Clinically relevant phenotypes in chronic rhinosinusitis

Jessica W. Grayson*, Marina Cavada, Richard J. Harvey

*Corresponding author for this work

    Research output: Contribution to journalReview articlepeer-review

    28 Citations (Scopus)
    102 Downloads (Pure)


    Background: Chronic rhinosinusitis (CRS) is a complex disease that incorporates many different conditions. Currently, primary CRS is considered a disease of broad airway inflammation, however, the previous classification of CRS with and without nasal polyposis fails to adequately classify patients based upon their etiology of illness. Our aim with this review is discuss the clinical presentation, radiology, endoscopy, histopathology, and treatment algorithm of three different phenotypes of primary CRS: central compartment atopic disease, eosinophilic CRS, and non-eosinophilic CRS. Methods: A narrative review of a tertiary rhinology center's research themes and how they are applied to clinical protocols and practice was assessed. Discussion: Diagnosis and treatment of upper and lower airway conditions become increasingly important as phenotypes and endotypes are being described. There are well-described therapies to treat the different phenotypes of CRS, based upon the presumed underlying cause of the inflammatory process. Research continues to shed more light on different endotypes and phenotypes of airway inflammation, however, clinical differentiation of CRS can be applied in clinic practice with three simple phenotypes of CRS. Understanding these different phenotypes and their etiologies allows for further management beyond the maximum medical therapy and then surgery' approach that has often been used in the management of CRS.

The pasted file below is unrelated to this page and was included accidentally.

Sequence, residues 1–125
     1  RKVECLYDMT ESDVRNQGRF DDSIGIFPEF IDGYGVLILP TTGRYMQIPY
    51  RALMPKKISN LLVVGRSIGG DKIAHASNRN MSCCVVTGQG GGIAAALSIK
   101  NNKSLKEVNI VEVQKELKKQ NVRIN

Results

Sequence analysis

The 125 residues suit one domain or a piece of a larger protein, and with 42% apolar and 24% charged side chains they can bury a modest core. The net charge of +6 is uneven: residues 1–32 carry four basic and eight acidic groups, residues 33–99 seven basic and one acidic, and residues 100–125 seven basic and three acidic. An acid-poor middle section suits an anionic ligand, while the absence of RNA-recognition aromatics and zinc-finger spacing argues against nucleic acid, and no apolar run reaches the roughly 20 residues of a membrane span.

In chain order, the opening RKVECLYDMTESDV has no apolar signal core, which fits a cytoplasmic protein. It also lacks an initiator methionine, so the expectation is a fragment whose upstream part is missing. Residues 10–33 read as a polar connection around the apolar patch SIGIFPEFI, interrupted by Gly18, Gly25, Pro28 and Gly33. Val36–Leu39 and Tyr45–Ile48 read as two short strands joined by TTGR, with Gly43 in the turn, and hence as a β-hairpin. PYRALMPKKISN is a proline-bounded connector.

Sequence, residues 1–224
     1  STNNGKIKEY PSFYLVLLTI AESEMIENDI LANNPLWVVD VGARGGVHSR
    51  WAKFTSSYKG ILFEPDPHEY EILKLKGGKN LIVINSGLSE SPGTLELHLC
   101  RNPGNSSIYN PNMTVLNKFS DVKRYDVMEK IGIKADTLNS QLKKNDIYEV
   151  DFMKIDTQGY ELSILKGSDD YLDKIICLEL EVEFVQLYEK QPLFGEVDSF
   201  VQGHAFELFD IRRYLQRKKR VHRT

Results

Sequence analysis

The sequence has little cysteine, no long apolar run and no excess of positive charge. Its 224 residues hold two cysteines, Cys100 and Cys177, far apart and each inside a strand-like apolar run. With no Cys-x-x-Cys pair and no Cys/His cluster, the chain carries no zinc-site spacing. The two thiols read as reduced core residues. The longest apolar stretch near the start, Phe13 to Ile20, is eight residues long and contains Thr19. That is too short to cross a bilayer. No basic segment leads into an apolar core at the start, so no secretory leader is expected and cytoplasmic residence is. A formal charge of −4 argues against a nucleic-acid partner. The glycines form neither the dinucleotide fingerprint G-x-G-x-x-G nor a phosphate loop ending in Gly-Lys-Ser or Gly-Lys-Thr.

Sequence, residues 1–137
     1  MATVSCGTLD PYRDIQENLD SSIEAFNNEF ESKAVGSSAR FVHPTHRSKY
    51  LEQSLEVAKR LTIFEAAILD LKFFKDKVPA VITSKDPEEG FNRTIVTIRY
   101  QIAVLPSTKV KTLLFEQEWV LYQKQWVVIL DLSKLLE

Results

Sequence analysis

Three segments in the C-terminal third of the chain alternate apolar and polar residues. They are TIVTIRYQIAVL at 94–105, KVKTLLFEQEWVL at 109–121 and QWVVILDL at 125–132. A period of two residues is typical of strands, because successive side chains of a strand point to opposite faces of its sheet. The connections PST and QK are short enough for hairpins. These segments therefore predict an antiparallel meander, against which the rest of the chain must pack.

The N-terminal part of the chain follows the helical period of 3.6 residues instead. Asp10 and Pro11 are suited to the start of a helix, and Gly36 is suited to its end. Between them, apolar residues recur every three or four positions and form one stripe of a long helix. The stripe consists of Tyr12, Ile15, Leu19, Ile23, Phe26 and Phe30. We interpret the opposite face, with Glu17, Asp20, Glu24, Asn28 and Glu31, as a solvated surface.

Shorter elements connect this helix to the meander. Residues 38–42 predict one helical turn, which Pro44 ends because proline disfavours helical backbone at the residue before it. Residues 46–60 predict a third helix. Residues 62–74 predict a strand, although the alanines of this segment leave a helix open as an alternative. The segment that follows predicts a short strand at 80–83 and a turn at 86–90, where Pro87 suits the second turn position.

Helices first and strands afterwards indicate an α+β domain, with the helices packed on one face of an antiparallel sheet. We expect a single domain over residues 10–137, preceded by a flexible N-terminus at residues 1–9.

Original languageEnglish
    Article number23
    Pages (from-to)1-10
    Number of pages10
    JournalJournal of Otolaryngology - Head and Neck Surgery
    Issue number1
    Publication statusPublished - 29 May 2019

    Bibliographical note

    Copyright the Author(s) 2019. Version archived for private and non-commercial use with the permission of the author/s and according to publisher conditions. For further rights please contact the publisher.

    A correction for this article has been published in Journal of Otolaryngology - Head & Neck Surgery (2019) 48:31, and can be found at


    • corticosteroid nasal irrigations
    • endoscopic sinus surgery
    • middle turbinate
    • asthma


    Dive into the research topics of 'Clinically relevant phenotypes in chronic rhinosinusitis'. Together they form a unique fingerprint.

    Cite this